1. phil dude

      Re: Another history in case it helps anyone

      @Jim 59 - I really hope you find some relief for your pain.


      "3. Weeks later nerve pain came on. Prescribed Chropractor visit did not help."

      that is not so surprising...

      As Ben Goldacre's excellent book points out, double-blind randomized trials are almost the only difference between medical science, and "bloke down pub said". (yes, I'm paraphrasing...)

      For UK readers this is the case that brought it to prominence

      The Nature article is here via PUBMED explaining why it was important

      There is an aggressive market in the USA (it is has serious cash behind it, apparently trying to get into the UK too) for trying to sell treatments that cannot be disproved, or are based upon ludicrous premises.

      If you get a massage and it makes you feel good, that's great. But some of the complete and utter BS I have heard "D.Cs" spout is frankly scary for people supposed to be medical professionals.

      On a pharmaceutical note, in the same way as we have no new antibiotics, the same is pretty much true about pain medication that is not opiate based (to distinguish from NSAIDs).

      If you have inflammation the COX-2 inhibitors (e.g vioxx, celebrex) can be very effective (if they don't have other side effects for you...)...


  13. Truth4u

    not news

    ibuprofen works

    codeine works (so of course they'll make it hard to get any)

    paracetamol is less effective than chewing gum (hence why its easy to buy... they would never let the public buy analgesics that actually work - too scared some idiot will decide to top themselves with the whole pack)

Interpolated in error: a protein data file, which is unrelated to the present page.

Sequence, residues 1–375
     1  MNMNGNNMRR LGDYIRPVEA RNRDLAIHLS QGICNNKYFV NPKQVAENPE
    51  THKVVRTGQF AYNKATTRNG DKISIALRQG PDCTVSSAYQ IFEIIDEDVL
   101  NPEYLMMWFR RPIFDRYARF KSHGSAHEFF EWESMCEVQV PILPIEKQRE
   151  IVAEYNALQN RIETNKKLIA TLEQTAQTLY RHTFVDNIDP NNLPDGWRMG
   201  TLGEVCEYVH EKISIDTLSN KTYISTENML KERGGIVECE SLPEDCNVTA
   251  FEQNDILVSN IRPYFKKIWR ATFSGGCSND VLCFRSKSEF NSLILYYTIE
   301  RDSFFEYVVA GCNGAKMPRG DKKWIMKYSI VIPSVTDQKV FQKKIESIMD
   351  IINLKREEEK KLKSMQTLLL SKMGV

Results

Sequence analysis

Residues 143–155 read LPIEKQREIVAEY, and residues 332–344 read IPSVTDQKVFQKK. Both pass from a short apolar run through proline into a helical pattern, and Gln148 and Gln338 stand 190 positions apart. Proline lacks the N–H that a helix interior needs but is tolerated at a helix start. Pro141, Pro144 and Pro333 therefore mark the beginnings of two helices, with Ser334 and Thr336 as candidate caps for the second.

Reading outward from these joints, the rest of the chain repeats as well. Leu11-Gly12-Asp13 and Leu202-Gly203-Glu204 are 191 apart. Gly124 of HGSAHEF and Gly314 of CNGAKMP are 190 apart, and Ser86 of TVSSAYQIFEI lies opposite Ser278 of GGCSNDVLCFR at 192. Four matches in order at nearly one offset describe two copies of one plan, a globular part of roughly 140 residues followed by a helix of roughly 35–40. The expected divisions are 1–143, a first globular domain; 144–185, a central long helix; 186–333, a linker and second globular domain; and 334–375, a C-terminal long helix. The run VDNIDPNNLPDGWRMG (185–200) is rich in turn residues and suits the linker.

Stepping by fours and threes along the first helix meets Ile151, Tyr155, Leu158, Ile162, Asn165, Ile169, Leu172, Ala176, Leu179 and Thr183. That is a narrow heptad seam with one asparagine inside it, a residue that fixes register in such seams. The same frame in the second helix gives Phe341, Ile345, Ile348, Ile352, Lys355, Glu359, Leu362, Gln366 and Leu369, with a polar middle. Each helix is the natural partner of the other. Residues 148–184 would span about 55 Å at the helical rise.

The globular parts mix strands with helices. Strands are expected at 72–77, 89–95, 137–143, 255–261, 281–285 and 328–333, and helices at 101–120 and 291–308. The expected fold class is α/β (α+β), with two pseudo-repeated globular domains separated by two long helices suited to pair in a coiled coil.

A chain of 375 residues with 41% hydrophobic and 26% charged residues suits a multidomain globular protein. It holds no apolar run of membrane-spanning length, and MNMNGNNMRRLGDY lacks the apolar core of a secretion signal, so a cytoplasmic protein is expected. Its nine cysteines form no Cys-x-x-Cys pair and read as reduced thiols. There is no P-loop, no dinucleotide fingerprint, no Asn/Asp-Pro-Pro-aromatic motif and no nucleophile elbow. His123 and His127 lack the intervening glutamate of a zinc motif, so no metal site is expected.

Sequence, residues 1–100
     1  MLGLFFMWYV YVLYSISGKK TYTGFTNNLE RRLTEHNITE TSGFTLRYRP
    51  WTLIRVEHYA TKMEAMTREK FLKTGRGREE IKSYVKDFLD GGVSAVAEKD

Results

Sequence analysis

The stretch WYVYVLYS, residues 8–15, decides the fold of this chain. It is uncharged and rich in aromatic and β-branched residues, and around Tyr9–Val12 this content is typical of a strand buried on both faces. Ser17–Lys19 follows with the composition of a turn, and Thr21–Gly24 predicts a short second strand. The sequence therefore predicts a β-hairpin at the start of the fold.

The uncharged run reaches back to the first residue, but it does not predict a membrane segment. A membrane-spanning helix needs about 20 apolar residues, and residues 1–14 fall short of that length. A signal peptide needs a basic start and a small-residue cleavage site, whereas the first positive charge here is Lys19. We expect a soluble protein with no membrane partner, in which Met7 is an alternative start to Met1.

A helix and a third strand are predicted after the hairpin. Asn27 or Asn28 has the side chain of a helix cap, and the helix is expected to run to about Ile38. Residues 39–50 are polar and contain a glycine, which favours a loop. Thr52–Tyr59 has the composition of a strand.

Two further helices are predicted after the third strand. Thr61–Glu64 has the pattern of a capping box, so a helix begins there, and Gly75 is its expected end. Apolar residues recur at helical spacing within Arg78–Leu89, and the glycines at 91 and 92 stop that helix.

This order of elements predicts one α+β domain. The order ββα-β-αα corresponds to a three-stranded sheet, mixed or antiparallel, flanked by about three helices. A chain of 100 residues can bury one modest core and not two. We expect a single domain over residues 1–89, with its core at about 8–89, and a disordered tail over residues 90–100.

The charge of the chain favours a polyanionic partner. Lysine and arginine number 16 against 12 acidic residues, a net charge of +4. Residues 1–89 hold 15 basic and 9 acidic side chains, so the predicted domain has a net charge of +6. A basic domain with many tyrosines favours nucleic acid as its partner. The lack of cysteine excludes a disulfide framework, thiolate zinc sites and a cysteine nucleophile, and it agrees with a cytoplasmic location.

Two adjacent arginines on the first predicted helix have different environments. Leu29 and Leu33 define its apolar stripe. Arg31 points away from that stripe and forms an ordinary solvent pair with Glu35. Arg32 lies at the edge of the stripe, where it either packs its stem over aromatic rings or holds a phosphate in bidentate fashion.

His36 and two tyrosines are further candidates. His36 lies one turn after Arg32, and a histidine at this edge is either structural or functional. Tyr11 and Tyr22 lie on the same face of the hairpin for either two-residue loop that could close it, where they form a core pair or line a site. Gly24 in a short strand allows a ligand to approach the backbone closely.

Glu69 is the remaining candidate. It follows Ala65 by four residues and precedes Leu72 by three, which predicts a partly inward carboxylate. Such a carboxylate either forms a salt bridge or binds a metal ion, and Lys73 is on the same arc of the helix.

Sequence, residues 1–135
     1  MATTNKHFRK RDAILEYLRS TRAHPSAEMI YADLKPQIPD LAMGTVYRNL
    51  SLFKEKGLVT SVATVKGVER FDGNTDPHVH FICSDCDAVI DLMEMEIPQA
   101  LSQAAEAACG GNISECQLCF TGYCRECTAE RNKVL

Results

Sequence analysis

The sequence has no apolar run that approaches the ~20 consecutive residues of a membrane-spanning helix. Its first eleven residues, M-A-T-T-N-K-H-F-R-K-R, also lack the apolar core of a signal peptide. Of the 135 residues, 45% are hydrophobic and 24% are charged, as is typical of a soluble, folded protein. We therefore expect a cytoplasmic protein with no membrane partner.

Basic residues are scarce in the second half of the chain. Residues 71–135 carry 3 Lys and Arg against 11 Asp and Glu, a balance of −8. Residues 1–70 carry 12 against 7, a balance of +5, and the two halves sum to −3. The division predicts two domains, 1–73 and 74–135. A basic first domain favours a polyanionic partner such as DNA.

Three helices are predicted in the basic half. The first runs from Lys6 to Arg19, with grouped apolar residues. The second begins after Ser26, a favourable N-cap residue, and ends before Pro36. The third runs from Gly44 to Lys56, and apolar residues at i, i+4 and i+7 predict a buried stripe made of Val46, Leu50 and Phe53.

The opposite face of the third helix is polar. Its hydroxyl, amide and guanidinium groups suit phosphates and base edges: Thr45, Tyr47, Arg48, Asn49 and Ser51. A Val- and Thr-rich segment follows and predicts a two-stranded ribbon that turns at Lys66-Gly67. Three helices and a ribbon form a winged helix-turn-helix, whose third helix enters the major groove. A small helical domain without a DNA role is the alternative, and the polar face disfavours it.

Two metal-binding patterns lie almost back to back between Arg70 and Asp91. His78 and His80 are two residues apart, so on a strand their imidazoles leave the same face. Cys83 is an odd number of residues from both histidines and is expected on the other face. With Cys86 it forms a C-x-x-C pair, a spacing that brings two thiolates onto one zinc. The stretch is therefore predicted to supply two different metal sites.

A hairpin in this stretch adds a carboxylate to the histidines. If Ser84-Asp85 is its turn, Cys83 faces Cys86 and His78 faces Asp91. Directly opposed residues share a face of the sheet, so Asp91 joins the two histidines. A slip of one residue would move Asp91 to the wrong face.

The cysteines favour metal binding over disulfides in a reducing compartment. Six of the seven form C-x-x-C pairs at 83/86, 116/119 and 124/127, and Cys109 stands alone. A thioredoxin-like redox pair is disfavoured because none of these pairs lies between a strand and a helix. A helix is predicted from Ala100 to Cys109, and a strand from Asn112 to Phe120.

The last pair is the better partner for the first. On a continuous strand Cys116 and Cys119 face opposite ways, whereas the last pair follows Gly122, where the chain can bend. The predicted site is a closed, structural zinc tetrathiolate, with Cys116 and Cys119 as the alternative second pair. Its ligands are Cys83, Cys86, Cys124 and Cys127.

14. Paul Webb

    AllTrials campaign

    On a semi-related note, I see that GSK is a supporter of the AllTrials campaign ( which calls for all clinical trials (past and present) to be registered and their results reported. Whether they are just playing lip service or not, we'll just have to see.

  15. Anonymous Coward
    Anonymous Coward

    Personal tale ... (cannabis)

    my wife has MS, and uses a wheelchair. Two of her permanent symptoms are muscle spasms, and backache, from using a wheelchair - even though it's a custom-made jobbie to match her height and leg reach perfectly. The backache is not a postural issue, but caused by muscles in the back refusing to do their job properly, thanks to the spasms, which also create a twitchy leg, with pain.

    In 20 years, we've tried every combination of muscle relaxant, and painkiller, to very little avail. Except to become addicted to Clonazepam (thanks docs) which is now a lifetime habit (quitting benzodiazepines is not something any doctor recommends).

    Because I am a free man, not a number, I decided to **** the man, and do my own research and development. An obvious starting point was the fact that quite a few of my wifes friends from support groups have gained relief from smoking cannabis. Because I'm not a fan of dodgy characters with unknown wares in pub car parks, I started to grow our own. After a few years, we've found that strains with an equal THC/CBD ratio do best at easing pain, and calming spasms. It's not smoked in herbal form. Butane is used to extract an oil, which can be used in cooking, or a drop placed on a cigarette (current research is looking at the practicality of using an e-cigarette).